My grandson liked his jacket so much that he put on a tie for the occasion.
I have always enjoyed collecting things. When I was a child I collected ceramic horses, dogs, and cats and Beatles pictures. As an adult I have collected pigs, pottery, and always books, books, books. When I started missionary work in 2010 I began collecting flags from all over Europe. I also began collecting patches from each country I visited. I didn’t have any idea what to do with the patches, I just liked collecting them. Then in 2011 I became a grandmother, and now I have two grandchildren.
Last year my grandson (now six years old) began to show some interest in all the countries that I’ve visited. We talked over the Europe placemat that I had given him, and marked the countries I’ve visited in dry erase marker.
Detail of the back of the jacket.
So for Christmas I got him and his little sister a jacket and poncho, respectively. I began to put the patches on them, but had to stop because of a severe eyestrain headache. I suffered eyestrain because I was putting reading glasses over my glasses—an imperfect but cheap alternative to bifocals or progressive glasses.
The jacket front.
The next day I removed my glasses to sew the patches, but then my right hand began to go all carpal-tunnel-numb from all the sewing. So again I had to stop. But Christmas was coming, and I needed to finish their presents. So I asked a friend to pray for me. I didn’t specify what the problem was, I just asked him to pray for my hand. He did and the following day I was able to finish both the jacket and the poncho.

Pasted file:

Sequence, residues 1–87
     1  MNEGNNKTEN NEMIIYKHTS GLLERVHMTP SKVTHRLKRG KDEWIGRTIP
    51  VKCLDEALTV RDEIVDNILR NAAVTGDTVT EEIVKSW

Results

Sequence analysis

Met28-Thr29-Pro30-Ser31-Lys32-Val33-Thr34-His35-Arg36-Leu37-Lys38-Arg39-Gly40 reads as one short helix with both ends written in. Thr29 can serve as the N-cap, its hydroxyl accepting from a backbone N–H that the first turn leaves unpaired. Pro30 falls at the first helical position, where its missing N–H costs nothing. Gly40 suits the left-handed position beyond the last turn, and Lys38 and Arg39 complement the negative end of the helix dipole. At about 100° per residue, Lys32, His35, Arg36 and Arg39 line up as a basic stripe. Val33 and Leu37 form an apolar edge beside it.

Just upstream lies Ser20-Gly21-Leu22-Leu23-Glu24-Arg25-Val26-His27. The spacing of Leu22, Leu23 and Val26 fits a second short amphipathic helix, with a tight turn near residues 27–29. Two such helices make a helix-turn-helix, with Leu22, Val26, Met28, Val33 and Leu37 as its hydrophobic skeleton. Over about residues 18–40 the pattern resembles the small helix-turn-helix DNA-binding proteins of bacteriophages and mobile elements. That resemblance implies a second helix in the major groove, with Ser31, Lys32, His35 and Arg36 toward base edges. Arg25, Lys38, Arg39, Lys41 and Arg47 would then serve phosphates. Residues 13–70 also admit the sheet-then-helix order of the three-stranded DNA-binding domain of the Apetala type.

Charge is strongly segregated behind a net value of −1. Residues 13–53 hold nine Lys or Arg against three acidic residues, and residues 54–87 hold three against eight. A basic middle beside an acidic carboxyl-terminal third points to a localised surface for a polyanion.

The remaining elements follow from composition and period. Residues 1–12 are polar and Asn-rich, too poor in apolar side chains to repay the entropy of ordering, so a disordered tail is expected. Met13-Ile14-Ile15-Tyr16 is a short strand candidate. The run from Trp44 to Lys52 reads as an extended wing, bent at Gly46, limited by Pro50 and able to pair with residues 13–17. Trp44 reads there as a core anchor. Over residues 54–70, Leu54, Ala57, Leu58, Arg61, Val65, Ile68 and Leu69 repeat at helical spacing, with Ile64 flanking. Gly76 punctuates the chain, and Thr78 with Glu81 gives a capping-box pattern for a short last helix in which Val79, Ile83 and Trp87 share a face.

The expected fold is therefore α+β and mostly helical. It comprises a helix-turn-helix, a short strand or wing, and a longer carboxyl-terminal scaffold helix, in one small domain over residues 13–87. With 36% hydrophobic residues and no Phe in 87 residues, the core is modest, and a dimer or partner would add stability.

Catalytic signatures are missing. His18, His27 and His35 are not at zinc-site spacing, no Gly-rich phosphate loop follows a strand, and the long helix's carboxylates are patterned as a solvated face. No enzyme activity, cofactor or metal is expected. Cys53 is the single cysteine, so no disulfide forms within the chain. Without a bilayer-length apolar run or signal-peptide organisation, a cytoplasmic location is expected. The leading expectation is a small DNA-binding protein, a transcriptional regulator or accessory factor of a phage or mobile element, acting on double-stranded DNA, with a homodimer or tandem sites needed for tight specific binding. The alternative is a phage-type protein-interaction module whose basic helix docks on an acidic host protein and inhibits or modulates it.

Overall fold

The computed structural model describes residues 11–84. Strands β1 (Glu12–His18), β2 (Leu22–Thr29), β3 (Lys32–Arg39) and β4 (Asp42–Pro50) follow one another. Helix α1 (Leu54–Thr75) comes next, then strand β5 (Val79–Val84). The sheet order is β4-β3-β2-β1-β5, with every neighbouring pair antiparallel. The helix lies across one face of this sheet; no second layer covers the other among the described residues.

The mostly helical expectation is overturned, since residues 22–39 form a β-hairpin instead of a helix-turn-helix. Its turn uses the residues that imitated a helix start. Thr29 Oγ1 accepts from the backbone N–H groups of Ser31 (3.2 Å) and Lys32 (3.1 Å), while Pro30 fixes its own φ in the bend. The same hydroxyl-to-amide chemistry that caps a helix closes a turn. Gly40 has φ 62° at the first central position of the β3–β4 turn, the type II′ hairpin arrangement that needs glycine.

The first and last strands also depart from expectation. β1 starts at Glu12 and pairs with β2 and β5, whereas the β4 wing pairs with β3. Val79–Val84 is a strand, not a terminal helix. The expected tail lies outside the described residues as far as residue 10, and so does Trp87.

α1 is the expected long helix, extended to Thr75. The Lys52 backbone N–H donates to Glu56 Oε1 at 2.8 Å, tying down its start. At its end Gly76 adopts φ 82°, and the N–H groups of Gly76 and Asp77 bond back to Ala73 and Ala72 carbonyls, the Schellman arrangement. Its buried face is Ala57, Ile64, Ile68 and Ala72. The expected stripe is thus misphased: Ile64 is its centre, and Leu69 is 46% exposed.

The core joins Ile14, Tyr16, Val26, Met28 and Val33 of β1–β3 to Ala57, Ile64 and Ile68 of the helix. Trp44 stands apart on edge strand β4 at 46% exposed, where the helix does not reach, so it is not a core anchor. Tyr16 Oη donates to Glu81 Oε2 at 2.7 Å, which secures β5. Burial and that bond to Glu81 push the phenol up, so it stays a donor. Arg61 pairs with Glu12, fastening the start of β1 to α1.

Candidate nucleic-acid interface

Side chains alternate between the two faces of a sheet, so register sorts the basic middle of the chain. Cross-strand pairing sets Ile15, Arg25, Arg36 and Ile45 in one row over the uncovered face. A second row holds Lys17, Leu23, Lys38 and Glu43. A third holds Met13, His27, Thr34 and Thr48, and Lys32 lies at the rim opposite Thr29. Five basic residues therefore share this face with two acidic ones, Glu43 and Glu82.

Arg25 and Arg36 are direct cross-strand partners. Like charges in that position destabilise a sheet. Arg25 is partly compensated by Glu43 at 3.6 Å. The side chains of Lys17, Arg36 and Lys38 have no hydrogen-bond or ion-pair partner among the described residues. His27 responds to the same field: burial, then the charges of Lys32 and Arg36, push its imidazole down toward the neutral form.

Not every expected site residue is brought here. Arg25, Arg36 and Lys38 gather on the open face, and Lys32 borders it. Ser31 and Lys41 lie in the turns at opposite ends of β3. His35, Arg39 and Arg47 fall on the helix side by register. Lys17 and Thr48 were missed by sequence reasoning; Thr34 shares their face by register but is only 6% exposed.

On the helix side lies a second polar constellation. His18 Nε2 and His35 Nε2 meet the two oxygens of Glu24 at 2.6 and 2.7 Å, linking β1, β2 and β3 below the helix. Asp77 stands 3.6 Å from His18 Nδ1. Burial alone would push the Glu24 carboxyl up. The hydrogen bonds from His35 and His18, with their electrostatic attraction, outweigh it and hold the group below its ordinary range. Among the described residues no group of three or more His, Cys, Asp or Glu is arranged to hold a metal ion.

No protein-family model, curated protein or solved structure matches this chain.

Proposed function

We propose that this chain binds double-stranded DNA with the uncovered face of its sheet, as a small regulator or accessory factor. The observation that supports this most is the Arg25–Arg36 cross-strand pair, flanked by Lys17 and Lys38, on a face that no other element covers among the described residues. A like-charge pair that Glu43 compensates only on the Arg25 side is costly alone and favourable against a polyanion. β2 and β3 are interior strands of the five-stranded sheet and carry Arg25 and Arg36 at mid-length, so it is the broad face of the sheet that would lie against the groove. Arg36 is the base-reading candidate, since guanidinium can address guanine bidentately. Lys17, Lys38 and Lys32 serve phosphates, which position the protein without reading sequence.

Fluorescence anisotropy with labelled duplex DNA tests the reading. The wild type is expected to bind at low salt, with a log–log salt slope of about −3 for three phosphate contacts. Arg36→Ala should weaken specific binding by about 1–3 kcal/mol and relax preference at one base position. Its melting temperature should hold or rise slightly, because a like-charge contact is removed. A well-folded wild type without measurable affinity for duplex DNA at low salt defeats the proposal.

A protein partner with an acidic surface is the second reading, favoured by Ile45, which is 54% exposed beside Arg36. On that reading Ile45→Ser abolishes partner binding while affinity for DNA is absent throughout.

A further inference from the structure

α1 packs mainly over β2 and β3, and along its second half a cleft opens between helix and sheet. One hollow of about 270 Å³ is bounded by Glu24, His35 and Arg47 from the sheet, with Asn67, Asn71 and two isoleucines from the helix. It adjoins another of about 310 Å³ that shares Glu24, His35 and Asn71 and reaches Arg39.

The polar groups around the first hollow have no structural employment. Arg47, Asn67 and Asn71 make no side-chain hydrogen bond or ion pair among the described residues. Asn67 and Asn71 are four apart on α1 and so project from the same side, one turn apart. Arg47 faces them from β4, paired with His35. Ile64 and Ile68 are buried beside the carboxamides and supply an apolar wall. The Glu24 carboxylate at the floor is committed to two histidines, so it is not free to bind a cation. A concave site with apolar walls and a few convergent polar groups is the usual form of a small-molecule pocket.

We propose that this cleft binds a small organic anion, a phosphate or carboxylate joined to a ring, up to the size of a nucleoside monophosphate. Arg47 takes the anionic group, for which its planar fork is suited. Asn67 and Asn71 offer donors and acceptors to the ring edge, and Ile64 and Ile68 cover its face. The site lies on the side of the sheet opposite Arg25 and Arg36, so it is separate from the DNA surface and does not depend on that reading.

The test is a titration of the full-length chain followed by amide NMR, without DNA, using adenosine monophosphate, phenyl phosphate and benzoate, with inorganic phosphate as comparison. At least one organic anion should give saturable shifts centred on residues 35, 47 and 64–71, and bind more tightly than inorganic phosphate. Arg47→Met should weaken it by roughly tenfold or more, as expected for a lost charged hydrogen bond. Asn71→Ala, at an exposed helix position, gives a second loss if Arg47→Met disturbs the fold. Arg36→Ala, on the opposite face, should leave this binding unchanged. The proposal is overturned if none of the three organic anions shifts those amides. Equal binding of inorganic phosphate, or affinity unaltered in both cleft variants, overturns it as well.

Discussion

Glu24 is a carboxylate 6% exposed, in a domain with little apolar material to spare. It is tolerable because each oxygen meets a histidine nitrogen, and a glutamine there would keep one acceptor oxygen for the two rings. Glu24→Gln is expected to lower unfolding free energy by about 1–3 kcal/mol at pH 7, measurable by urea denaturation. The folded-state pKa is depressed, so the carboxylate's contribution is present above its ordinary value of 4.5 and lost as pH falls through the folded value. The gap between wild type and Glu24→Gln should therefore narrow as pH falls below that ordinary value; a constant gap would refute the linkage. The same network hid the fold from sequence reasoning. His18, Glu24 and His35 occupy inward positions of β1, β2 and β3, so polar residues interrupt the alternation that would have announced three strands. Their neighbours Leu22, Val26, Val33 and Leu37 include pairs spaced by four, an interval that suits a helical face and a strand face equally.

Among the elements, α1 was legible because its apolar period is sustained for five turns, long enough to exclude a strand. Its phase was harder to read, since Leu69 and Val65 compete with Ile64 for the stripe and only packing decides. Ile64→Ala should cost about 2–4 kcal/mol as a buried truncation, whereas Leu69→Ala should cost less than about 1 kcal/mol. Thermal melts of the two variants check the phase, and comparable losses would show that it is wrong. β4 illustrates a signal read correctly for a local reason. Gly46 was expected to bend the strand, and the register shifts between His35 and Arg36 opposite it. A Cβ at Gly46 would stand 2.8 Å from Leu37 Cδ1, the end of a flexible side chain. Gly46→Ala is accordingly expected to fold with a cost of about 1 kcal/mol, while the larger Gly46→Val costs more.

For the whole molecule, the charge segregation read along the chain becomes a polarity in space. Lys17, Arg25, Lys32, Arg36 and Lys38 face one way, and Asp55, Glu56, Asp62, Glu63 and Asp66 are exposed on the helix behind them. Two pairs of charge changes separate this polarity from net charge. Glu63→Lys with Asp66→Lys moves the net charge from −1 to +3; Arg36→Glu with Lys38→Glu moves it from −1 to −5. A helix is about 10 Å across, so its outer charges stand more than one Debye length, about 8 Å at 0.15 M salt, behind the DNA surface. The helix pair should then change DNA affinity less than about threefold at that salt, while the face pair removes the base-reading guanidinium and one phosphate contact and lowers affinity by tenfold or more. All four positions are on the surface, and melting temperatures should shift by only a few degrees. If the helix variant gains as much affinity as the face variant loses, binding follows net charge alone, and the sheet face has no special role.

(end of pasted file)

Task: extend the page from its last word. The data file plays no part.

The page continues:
Detail of the back of the poncho.
When I prayed about these gifts, the Lord gave me Isaiah 54:3:
You shall expand to the right and to the left, and your descendants will inherit the nations, and make the desolate cities inhabited, (NKJV, emphasis mine).
Suddenly I understood why I had been attacked with eyestrain and numbness in my hand: the defeated enemy didn’t want me to get these gifts done because they represented my grandchildren’s inheritance.
The front of the poncho.
Now, most children don’t like gifts of clothing. They would rather receive toys. I did give them each a small toy, but they were thrilled with these gifts—far more than I had dared to hope.
God has sent me on assignment in Europe, and my work there is producing an inheritance for my descendants. Simple gifts that I had thought might be more for me than for them turned out to be important keys to my investment into their future. God is good!
 I can’t wear bifocals anymore because I kept tripping over curbs and stepping in dog mess. Progressives are just bifocals without the line, so that wouldn’t solve the problem of not properly seeing where I’m walking.
 The entire chapter of Isaiah 54 was given to me as a rhema word in 1992 when God reclaimed me. I often re-read it, finding fresh understanding of my inheritance—and that of my children and grandchildren.